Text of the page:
LEAD Action News
LEAD Action News vol 11 Number 3, June 2011, ISSN 1324-6011
Incorporating Lead Aware Times (ISSN 1440-4966) & Lead Advisory Service News (ISSN 1440-0561)
The journal of The LEAD (Lead Education and Abatement Design) Group Inc.
Editor: Anne Roberts

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The LEAD Group proposals on Blood Lead Levels rejected by NHMRC

Letters from The LEAD Group to the Federal Health Minister, and to NHMRC; a summary of NHMRC’s response, and The LEAD Group’s reply

In December last year, The LEAD Group wrote to the Federal Health Minister, the Hon Nicola Roxon, with a proposed new policy on Blood Lead Levels for Australians. The Minister passed on the letter to the National Health and Medical Research Council of Australia (NHMRC), the body responsible for making health recommendations. NHMRC rejected the proposals.

December 03, 2010 10:15 AM

Dear Minister,

A new policy on lead poisoning has been developed by The LEAD Group, aimed at the National Health and Medical Research Council of Australia (NHMRC).

The policy is for adoption by NHMRC, which would then recommend it to National and State health ministers. It is supported by an impressive 47 page background document which provides the weight of evidence (including 12 pages of references) to convince the NHMRC to improve on its current policy. [Please click on the links to see what’s being proposed and why.]

The policy is a radical departure from the practice of setting ‘goals’ and ‘targets’ for blood lead levels. Instead, it proposes ‘individual action levels’ for anyone with a blood lead level exceeding that of 95% (the 95th percentile) of others in their population group.

The starting point for the new policy is the present ‘world’s best practice’ adopted by Germany in April 2010.

Under the German policy, selected sub-populations are tested for their blood lead levels. The level which 95% of those in the sub-populations are at or below becomes the target for the remaining 5% of that sub-population to achieve.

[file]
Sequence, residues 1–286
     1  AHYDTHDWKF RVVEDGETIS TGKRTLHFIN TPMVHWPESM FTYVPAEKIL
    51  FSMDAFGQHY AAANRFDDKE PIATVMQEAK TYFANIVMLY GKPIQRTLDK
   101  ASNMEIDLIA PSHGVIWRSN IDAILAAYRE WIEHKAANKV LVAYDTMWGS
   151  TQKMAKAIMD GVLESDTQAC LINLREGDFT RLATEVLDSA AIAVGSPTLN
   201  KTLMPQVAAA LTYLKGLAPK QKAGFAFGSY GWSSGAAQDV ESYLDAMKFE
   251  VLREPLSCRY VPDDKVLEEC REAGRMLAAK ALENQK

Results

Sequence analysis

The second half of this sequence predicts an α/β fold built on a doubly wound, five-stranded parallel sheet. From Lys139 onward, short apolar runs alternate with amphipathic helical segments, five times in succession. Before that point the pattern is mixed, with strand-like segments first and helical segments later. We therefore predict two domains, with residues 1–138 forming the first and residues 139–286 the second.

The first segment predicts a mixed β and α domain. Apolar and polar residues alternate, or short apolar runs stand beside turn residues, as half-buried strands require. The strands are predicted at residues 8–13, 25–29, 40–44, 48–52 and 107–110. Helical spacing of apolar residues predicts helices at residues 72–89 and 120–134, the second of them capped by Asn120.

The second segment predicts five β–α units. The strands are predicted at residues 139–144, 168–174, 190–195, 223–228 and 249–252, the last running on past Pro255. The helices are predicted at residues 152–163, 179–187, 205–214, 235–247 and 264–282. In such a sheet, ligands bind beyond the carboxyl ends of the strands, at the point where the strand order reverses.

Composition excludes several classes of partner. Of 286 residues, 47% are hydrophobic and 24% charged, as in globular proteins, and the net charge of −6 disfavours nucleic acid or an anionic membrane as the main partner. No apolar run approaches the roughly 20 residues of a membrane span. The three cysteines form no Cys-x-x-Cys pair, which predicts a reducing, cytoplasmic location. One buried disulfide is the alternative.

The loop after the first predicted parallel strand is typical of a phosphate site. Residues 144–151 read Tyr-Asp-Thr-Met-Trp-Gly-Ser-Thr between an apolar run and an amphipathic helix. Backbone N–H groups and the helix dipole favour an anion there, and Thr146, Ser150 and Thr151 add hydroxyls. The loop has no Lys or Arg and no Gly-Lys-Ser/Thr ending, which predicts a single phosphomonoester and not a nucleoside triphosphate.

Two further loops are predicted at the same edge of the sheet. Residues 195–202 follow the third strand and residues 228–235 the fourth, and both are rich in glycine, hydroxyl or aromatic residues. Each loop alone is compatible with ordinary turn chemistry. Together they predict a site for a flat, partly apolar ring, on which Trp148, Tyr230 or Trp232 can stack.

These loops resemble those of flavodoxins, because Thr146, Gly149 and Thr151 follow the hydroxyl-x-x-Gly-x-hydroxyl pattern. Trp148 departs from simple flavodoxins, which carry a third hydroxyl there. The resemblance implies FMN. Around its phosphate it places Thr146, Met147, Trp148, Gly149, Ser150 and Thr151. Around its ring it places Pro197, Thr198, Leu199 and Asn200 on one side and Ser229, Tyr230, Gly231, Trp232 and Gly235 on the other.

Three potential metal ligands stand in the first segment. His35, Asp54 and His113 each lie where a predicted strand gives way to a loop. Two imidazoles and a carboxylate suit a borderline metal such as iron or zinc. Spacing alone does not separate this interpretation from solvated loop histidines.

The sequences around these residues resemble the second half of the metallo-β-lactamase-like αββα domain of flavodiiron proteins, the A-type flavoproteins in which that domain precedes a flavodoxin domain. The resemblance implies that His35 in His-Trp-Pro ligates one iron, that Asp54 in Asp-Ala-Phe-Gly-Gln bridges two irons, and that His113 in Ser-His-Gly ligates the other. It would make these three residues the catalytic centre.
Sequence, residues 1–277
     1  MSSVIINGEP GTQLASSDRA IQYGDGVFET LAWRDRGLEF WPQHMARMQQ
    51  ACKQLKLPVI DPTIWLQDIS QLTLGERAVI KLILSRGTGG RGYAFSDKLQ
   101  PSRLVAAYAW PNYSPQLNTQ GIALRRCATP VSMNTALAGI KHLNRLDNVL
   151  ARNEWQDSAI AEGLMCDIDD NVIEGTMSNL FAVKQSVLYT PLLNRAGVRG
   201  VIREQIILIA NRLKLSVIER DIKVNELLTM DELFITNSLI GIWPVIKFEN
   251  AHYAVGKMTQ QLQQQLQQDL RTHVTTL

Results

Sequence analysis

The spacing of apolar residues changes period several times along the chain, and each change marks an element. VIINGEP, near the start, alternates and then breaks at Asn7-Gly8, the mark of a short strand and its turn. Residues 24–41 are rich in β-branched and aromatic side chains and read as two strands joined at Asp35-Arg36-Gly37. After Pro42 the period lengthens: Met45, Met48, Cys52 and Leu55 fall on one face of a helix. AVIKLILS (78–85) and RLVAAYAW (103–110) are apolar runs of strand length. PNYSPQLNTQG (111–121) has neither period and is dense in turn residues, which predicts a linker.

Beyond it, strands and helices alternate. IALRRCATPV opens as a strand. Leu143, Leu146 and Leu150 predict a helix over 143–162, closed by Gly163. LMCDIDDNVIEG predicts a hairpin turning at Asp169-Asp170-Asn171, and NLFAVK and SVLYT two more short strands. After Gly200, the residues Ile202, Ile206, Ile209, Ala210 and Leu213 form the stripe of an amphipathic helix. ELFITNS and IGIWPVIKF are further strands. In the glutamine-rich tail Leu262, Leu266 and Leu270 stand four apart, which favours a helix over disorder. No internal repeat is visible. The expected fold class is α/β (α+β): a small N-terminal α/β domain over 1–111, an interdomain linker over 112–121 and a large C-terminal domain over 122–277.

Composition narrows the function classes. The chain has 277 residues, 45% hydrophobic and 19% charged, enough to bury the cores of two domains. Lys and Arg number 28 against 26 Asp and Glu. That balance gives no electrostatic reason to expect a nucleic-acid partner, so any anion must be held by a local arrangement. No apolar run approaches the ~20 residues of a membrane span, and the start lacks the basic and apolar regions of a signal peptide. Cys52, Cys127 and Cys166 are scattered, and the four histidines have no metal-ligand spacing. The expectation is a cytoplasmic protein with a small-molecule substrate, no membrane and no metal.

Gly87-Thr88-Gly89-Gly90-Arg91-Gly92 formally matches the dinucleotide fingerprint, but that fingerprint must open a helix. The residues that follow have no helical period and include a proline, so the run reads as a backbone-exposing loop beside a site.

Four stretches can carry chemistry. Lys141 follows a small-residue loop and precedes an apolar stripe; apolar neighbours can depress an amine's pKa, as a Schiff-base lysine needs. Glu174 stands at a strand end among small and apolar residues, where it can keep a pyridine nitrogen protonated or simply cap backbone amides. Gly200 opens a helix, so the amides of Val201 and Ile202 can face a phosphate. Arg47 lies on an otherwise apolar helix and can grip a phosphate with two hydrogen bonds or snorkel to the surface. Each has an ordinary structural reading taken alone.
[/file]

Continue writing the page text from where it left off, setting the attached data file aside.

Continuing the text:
The Germans do a blood lead study and then ensure, through action for those individuals in the top 5% of blood leads, to gradually bring their blood lead down to a safer level.

Their current action level for children is around one third of the goal anywhere else, including in Australia, and less than one quarter of the action level in NSW and Victoria.

A proposed long-term study of adults would likely verify US research findings that correlate lead exposure with early death.

Amongst the many proposals: that vets be educated to the fact that a pet with lead poisoning is the ‘canary in the mine’ for the household where the pet lives; that doctors be asked to use a questionnaire to decide which of their patients should be tested for lead.

The policy recommends research into the effectiveness of pectin, Vitamin C and other ‘lead-clawing therapies’, which drag lead out of the body. Determining the effectiveness of such therapies has the potential to help millions to live longer and healthier lives. All of us older than 8 years were exposed to the Australian lead that goes into leaded petrol and still goes into AvGas.

The current NHMRC policy (Public Statement) sets a blood lead goal, but requires no action on the part of public authorities or the medical establishment to achieve it. The LEAD Group’s model policy requires action.

Can you please ensure that the NHMRC adopts the basic principles of this model policy, by first requiring them to organise a national blood lead survey of all ages so that policy-makers can get started on preventing lead poisoning, especially tertiary lead poisoning of our ageing population (whereby the lead in our bones comes out to raise our blood pressure and age our brains)?

On August 22, 2009, internationally renowned lead poisoning expert Professor Bruce Lanphear shone a spotlight for the world on Australia’s lead policy when he wrote in The Australian newspaper:

“Why do public health officials and physicians permit obsolete standards to persist in the face of compelling science?

“Despite proof that reducing the source of lead is necessary to further reduce children's exposure, the NHRMC continues to rely on education -- washing children's hands, dust control -- rather than on reducing industrial emissions or tightening regulations to protect Australian children from lead hazards.”

I was advised over the phone by NHMRC staff on 12 February 2010 that despite being aware that Western Australia had introduced a policy of taking action to locate lead sources, and eliminate them for individual children under 5 yrs of age who have a blood lead level above 5 micrograms per decilitre (half the NHMRC’s 1993 and current goal), that “It's been agreed to annually review the lead level (ie next December it will be on the agenda again) and in the meantime to keep a watching brief and to revise the blood lead goal downwards if there is compelling evidence to do so.”